Nature and Human Values Course
This activity is considered an NAE Exemplar in Engineering Ethics Education and was included in a 2016 report with other exemplary activities. This activity describes a course called Nature and Human Values (NHV), which links personal, professional, and environmental ethics to engineering, energy, and emerging technologies.
Exemplary features: Multidisciplinary faculty involvement; foundational required course that is evaluated over the course of the students’ education; real-world ethics problems; difficult problems that lack clear right and wrong answers.
Why it’s exemplary: Every freshman takes Nature and Human Values (NHV), which links personal, professional, and environmental ethics to engineering, energy, and emerging technologies. Lectures and readings by diverse experts in fields ranging from anthropology and history to nanotechnology and nuclear engineering emphasize the social, cultural, political, and moral context of engineering. Research and writing assignments require students to apply ethical theories as parts of solutions to real-world engineering cases and problems. Students use strategies of negotiation and mediation to help stakeholders make decisions about the ethical use and deployment of engineering designs and technologies. We regularly assess students’ baseline knowledge of ethics and engineering in context, which they apply in their senior design and other upper-division coursework. NHV is a foundational component of CSM’s Ethics across the Curriculum (EAC) initiative and was integral to an NSF-funded project called “NanoSTEP: Nano-Science, Technology, Ethics, and Policy.”
Program description: Nature and Human Values gives students ethical preparation for their engineering practice by highlighting ways that new technologies and engineering feats are changing people, society, and culture; exploring the evolving definitions of nature and the environment and how they impact human interactions and occupations; and emphasizing the obligation to forge ethical solutions to debates that acknowledge the values of all stakeholders. The class stresses written and oral communication as a crucial component of professional and civic dialogue, and encourages critical reading, thinking, and conversation about engineers’ specific ethical obligations as professionals and their broader moral, social, and environmental responsibilities as world citizens. Participants include eight full-time faculty in the Division of Liberal Arts and International Studies, 4–5 adjunct faculty, and the director and assistant director of the division. Each year about 1,200 students take the course, most of whom are freshmen.
NHV’s educational goals are that by the end of the course, students will (1) Demonstrate understanding of major ethical theories and concepts by applying them to contemporary and recent debates on technology, resource use, and environmental issues, as well as to engineering practices; (2) Critically read and analyze arguments, accurately identify the central argument in readings, and synthesize diverse points of view; (3) Construct logical, effective, well-organized arguments whose central claims are well supported and that accurately present and adequately respond to competing arguments; (4) Successfully research topics related to engineering, ethics, and the environment, make effective use of source material in a researched paper, and correctly document sources; (5) Write clear, readable, grammatical prose developed through the process of drafting and revision; and (6) Demonstrate understanding of the impact of engineering and applied science in social and environmental contexts.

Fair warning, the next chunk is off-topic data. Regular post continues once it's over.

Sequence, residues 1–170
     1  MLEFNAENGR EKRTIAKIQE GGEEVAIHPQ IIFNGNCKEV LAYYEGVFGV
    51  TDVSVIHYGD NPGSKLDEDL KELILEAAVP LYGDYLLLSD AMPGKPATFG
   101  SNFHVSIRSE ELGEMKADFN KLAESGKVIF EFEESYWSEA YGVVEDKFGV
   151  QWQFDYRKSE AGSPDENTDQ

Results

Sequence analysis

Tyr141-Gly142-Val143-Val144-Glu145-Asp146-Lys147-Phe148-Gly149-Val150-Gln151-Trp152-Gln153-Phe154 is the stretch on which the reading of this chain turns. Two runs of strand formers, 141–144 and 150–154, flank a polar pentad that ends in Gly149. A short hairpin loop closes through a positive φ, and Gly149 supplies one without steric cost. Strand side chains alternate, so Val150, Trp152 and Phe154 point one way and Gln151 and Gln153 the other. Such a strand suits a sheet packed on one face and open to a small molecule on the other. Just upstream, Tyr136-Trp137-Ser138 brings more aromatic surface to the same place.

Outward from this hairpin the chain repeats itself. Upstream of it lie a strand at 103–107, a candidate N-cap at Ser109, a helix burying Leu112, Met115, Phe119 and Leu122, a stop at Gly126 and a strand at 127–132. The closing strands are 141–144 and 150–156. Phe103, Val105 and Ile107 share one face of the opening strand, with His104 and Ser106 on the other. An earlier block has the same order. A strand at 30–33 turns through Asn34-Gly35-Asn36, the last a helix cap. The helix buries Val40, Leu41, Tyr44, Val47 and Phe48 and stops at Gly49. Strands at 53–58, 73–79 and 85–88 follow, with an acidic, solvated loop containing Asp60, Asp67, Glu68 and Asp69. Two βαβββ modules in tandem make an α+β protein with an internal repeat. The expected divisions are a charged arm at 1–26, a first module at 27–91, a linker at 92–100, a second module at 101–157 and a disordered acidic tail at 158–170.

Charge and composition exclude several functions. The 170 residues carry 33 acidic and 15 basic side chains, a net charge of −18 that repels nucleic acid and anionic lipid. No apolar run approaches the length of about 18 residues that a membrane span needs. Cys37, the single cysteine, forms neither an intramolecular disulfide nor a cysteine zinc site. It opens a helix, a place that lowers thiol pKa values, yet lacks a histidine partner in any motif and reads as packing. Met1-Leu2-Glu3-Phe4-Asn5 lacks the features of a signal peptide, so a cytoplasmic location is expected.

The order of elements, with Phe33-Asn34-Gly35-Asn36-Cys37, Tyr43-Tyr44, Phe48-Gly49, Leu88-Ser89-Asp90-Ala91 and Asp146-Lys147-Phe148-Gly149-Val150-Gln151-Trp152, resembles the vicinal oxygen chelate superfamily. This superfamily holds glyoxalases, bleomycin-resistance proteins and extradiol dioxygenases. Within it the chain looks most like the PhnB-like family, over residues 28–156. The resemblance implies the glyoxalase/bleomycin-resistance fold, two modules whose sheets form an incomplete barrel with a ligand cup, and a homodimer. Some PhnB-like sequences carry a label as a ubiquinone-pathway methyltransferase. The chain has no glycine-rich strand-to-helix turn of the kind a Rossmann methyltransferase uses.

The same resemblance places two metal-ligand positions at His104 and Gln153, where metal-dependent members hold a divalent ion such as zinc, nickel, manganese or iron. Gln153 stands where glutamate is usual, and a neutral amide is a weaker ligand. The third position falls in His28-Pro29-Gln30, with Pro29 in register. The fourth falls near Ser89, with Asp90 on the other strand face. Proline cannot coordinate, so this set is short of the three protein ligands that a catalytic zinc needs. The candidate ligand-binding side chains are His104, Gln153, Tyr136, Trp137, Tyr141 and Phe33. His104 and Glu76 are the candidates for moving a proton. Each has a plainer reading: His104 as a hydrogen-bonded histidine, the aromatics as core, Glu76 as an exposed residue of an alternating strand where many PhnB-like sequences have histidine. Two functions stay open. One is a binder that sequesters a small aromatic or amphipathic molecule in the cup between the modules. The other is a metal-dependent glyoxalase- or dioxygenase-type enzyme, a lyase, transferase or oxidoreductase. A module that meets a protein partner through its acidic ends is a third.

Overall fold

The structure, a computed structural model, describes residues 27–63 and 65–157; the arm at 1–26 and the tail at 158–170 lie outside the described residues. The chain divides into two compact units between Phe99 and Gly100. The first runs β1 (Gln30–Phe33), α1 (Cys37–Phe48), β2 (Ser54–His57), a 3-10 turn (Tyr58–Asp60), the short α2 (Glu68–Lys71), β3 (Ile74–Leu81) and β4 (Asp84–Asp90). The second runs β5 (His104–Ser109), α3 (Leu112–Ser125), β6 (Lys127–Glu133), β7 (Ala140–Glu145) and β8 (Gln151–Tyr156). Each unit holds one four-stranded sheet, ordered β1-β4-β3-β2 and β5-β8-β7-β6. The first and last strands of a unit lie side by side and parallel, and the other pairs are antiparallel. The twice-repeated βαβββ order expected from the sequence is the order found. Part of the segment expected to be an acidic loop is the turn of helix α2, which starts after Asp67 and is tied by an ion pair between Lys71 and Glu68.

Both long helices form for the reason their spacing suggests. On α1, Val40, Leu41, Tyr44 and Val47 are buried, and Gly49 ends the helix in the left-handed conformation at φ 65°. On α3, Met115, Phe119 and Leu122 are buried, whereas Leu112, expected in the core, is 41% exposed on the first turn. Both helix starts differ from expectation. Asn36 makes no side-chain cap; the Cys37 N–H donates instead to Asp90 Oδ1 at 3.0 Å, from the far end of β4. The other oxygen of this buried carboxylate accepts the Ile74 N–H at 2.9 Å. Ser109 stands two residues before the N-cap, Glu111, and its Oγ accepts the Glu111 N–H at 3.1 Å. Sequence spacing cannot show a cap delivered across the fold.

The course has its own textbook, written and edited by its faculty, containing common readings and content related to engineering, ethics, and communication. Each week, all students attend a large-group lecture and also engage in 3 hours of seminar-style learning in smaller classes. They write three papers of escalating complexity throughout the semester, using skills in summary, analysis, synthesis, argumentation, and research, which culminate in the writing and presentation of a mediated solution to an unresolved debate regarding engineering and ethics. Students take a common final exam that tests their understanding of and ability to apply ethical theories in context.
Assessment information: The final paper grades and exam allow us to determine whether students (a) are able to apply ethical theories to real-life situations and (b) understand the broader social, environmental, and cultural contexts of engineering ethics. We adjust lectures and readings according to their performance on these measures. Each semester, NHV students are also more broadly assessed in six categories: Application of Ethical Concepts; Critical Thinking and Reading; Constructing an Argument; Research; Writing and Mechanics; and Engineering in Context. Students are ranked from 1 (Lacking) to 4 (Advanced) for each of these outcomes, which we use to inform our curricular development of this foundational 100-level course. The NHV assessment rubric is then compared to those for our division’s 200- and 400-level courses, helping us to see the development of skills across a student’s entire educational experience. Data from spring 2012 through fall 2014 show a steady increase in skill development across all NHV outcomes, with students demonstrating the highest performance in the categories of “Engineering in Context” (3.24 avg. out of 4) and “Application of Ethical Concepts” (3.06 avg. out of 4).